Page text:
William Merritt Chase established Parsons School of Design in 1896 as the Chase School of Art. The name of the school changed to the New York School of Art in 1902, and to the New York School of Fine and Applied Art in 1909. This charter documents the 1909 name change. In 1940, the school was renamed Parsons School of Design in honor of former President Frank Alvah Parsons and to differentiate it from other, similarly named institutions.
New York School of Fine and Applied Art provisional charter, 1909, PC.01.01.03, box p_OSx-1, folder 9, New School Archives and Special Collections, The New School, New York, New York.
Scope and Content:
This provisional charter issued by the Regents of the University of the State of New York is dated October 28, 1909. It bears two signatures, one by the commissioner of education and one by the vice chancellor, and is accompanied by the New York State seal. The University of the State of New York is the policy-making and enforcing government body responsible for the accreditation of educational instititions, including institutions of higher education, in New York State.
The New York School of Fine and Applied Art trustees named in the document are William Lester Wemple, Frank Alvah Parsons, Susan F. Bissell, and Kenneth Hayes Miller. Language in the text of the charter indicates that the charter will cease to be provisionally granted in five years should the school meet the standards of the University of the State of New York, at which time the charter will become what is known as an "absolute charter." The absolute charter for the New York School of Fine and Applied Art is not part of The New School Archives holdings.
The document bears numerous crease marks, indicating that it was folded at one time.
Biographical / Historical:
American artist William Merritt Chase established Parsons School of Design in 1896 as the Chase School of Art. While founded as a school of fine arts instruction, it soon added courses in applied arts, which became the primary focus under the administration of Frank Alvah Parsons (1908-1930). The name of the school changed several times, to the New York School of Art in 1902, then to the New York School of Fine and Applied Art in 1909. In 1909, the school was located at 2237 Broadway, in New York City's Upper West Side. In 1940, the Board of Trustees voted to change the school's name to Parsons School of Design in recognition of Frank Alvah Parsons's leadership and to differentiate it from other, similarly named institutions.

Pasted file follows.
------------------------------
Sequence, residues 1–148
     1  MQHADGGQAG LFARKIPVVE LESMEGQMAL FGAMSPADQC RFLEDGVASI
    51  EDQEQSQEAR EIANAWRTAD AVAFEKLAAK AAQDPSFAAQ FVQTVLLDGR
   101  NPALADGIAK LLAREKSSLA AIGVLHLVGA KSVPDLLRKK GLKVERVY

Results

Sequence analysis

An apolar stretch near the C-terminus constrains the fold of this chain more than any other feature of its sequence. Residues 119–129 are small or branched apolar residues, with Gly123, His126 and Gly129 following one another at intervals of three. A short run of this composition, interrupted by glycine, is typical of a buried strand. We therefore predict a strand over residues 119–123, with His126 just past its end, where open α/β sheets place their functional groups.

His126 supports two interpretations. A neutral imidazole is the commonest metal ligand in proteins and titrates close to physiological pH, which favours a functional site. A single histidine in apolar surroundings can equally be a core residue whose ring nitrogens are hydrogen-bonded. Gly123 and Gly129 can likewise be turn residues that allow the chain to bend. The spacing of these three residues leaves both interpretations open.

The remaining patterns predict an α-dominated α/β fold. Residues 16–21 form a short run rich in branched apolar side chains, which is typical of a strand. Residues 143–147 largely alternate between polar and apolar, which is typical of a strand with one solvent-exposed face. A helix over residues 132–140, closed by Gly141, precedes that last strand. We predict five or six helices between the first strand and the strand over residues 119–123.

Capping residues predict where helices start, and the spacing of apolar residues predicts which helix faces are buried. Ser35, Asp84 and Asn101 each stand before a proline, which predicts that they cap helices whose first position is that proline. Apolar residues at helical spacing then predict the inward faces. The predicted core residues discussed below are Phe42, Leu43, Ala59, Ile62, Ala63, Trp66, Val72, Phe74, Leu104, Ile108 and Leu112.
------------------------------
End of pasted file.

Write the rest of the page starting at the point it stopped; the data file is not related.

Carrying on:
In 1921, Parsons School of Design's European School opened with headquarters in France called the Paris Ateliers. The Ateliers closed in 1939 due to the escalation of World War II, and never reopened in its pre-war form. Summer study tours of Europe resumed in the late 1940s. When Parsons School of Design affiliated with the New School for Social Research in 1970, students could for the first time earn a bachelor of fine arts degree from The New School. Before the merger, students earned either a certificate for a three-year program of study at Parsons, or a bachelor of science degree granted by New York University by taking courses at both schools.
Prior to 1970, when Parsons existed as an independent entity, it was headed by a president and a powerful Board of Trustees. Upon the merger of Parsons with The New School, legal authority transferred to a central Board of Trustees for The New School. The Parsons board became a Board of Overseers (later Visiting Committee and, as of 2017, Board of Governors). The position of Parsons president was also eliminated at the time of the merger, replaced by the dean, a position later renamed as executive dean.
The immediate source of acquisition and the provenance of this document are unknown. No accession records exist.
Rules or conventions:
Describing Archives: A Content Standard
Other early documentation concerning the New York School of Fine and Applied Art's accreditation with New York State will be found in the Parsons School of Design governance collection (PC.01.01.01), Accreditation reports series. These reports were supplied to the University of the State of New York as supporting documentation for the provisional charter to be changed to an absolute charter and, later, to maintain accreditation status.
Later charters, including the name change from New York School of Fine and Applied Art to Parsons School of Design (1941), will be found in the David C. Levy records (PC.01.04.01).